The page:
Prepare to be seduced.
Rock bands aren't known for being quiet or humble. Oddly enough, singer Lyndsay Evans and guitarist Adam Eder are both of these things. Offstage, anyway.
The couple helm Madison band Sexy Ester, which earned a WAMI nomination this year and picked up four MAMAs in 2011, including Alternative Artist of the Year. Since solidifying their lineup in 2009, they've built a regional following around their upbeat, danceable sound and Evans' powerhouse vocals, which channel Heart's Ann Wilson and Fleetwood Mac's Stevie Nicks. They'll release their fourth studio album, Monomania, on March 30, at a prom-themed party at the Inferno.
When we meet to discuss the new album, Evans' mohawk is tucked into a chic beret, and both she and Eder nonchalantly sip cups of green tea. This subdued scene is a far cry from their sexy, powerful live act, but they exude a quiet confidence that stems from their musical relationship and their 10 years as a married couple.
"I think it's our best album yet," says Evans, who is surprisingly soft-spoken. "It's about finding yourself and embracing who you are."
Monomania picks up where Sexy Ester's 2011 album, Sequins, Sin, and Appetite, left off, flirting with new wave and classic rock while deftly avoiding outright imitation. It reveals a group that has developed a sonic profile of their own. Songs like "The Hotness" and "Silver Shoes" could be described as 21st-century reimaginings of Joan Jett or Sleater-Kinney, but their intensity is balanced by a playful campiness. "Rock Candy" and "Red Shoes" evoke sounds and themes like those of the B-52s, Devo and even the off-Broadway musical Hedwig & the Angry Inch.
Evans says her brother, Roscoe, who's also the band's keyboard player, took their sound in a new-wave direction. But the whole group contributes to the songwriting process. In fact, they began working in the studio before playing any live shows.
"Adam and I went in and recorded the first album with our first drummer, Dusty. We didn't have a bass player or anything, so Adam wrote and recorded all the bass lines in the studio," Evans says.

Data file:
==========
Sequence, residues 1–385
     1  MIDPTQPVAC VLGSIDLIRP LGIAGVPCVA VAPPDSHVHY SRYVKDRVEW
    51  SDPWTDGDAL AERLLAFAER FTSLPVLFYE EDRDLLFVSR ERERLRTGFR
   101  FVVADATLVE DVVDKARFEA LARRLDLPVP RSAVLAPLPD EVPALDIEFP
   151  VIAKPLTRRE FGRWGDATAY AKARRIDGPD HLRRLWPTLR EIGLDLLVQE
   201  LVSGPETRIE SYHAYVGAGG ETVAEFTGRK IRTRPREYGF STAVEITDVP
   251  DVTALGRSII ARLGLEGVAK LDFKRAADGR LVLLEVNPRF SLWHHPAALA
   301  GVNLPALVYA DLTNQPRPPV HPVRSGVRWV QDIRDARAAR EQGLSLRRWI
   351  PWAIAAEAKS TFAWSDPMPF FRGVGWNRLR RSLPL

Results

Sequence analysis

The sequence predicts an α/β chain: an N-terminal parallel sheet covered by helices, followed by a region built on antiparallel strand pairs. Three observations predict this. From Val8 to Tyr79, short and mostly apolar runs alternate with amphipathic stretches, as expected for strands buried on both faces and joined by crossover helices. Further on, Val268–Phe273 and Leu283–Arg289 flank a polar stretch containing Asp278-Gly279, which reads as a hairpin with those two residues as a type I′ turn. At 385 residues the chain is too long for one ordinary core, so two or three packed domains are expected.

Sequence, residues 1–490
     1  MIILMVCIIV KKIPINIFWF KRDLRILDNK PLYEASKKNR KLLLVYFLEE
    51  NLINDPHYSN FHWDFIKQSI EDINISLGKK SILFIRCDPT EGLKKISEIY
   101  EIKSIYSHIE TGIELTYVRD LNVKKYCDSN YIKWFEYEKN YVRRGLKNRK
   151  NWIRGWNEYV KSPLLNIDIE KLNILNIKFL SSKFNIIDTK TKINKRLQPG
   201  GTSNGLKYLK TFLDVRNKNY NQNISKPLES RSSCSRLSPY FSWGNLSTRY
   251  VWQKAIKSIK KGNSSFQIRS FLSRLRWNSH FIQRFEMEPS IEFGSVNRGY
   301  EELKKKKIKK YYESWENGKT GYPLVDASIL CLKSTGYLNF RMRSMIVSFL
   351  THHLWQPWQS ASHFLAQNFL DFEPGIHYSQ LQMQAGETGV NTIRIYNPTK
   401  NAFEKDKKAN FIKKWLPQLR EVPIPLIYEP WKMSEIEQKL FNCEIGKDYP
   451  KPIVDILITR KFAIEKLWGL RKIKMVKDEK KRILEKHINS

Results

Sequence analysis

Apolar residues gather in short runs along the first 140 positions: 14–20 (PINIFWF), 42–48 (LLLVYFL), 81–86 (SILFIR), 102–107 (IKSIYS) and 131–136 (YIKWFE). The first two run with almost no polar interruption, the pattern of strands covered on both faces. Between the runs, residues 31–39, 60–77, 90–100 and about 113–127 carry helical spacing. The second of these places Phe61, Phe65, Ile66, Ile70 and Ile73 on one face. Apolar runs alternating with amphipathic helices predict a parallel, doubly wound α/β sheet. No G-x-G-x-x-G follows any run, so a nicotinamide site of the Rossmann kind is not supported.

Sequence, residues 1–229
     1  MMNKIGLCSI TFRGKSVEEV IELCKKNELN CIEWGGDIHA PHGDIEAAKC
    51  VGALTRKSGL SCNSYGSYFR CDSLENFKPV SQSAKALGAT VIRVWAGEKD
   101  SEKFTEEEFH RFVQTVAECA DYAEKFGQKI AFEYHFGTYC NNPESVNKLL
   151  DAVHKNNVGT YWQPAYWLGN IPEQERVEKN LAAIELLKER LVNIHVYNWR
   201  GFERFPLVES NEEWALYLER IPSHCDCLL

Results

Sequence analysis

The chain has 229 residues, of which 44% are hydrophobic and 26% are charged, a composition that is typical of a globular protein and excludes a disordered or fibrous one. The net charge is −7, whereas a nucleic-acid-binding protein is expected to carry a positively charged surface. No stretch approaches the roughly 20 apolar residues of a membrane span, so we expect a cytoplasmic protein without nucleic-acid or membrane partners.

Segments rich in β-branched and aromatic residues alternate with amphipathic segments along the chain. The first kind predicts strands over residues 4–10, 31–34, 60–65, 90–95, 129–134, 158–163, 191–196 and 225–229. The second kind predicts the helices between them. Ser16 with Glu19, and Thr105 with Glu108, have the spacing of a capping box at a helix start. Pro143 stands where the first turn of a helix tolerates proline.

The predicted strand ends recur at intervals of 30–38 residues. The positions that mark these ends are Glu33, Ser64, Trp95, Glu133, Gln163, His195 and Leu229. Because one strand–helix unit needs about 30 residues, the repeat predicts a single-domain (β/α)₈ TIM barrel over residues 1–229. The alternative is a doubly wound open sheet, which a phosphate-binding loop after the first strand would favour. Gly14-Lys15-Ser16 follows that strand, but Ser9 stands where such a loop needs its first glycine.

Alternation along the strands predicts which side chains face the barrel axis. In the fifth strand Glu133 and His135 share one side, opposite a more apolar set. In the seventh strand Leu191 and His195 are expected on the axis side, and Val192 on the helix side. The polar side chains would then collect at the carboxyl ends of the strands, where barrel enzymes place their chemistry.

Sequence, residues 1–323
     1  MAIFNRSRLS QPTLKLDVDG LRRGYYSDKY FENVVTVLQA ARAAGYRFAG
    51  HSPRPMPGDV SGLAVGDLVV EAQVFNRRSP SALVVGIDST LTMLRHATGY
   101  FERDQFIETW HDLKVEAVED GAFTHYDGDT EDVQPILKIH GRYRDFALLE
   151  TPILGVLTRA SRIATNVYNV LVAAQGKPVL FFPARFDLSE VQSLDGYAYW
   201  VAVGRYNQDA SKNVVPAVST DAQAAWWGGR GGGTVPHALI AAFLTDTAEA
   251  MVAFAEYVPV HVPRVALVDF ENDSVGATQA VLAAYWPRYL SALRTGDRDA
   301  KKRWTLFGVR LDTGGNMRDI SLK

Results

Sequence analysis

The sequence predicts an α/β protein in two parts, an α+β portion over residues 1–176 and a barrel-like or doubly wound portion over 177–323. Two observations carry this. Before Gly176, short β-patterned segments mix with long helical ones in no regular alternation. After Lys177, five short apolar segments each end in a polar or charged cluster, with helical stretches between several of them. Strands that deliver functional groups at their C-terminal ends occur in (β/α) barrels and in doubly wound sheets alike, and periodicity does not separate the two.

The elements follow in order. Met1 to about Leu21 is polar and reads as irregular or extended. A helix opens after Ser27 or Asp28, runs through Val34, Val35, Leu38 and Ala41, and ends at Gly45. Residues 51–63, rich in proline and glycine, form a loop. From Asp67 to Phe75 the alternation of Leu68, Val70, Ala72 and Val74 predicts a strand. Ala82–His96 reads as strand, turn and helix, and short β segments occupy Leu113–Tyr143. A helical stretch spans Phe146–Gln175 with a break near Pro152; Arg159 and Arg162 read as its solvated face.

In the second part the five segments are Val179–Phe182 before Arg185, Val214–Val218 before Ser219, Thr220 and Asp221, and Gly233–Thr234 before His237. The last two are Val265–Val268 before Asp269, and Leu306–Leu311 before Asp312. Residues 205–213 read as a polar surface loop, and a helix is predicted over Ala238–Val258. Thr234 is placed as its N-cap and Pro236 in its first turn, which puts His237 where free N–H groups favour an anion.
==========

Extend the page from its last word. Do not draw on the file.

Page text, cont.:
"We really did do it backwards," Eder interjects.
Now a lot of the songs spring from free jams.
"I'll be jamming with the [others], get a little melody going, then record those songs onto my phone, take them home, and work on lyrics," Evans says.
Practically finishing each other's sentences, Evans and Eder make it all sound smooth. But their journey has had its share of bumps. Like many bands, Sexy Ester have gone through drummers like matchsticks. Luckily, current drummer Jenna Joanis offered to be on-call the night before her predecessor, Paul Kennedy, resigned.
"She jumped right in, and she fits super well with us," Eder says.
But great live shows don't always lead to great albums. While Sexy Ester make good recordings, they're still figuring out how to cram all of their charisma into an audio file.
"People [often] say that they like us live better. It's so hard to capture that live sound on an album," Evans says.
That's why Sexy Ester decided to play Monomania's songs together in the studio rather than recording one part at a time. Eder says this approach helped Monomania get closer to the band's live sound.
"It helps, having that feeling of everybody in groove with each other," he says.
But, in a way, the audience is also part of the band. They help generate the electricity that drives the live shows.
"It's hard to get the feeling you get in the vocal [at a show], with the energy feeding from a crowd, when you're just standing there in a dark room with a microphone," Evans says.
In other words, Sexy Ester are a band you should hear, but you really ought to see them as well.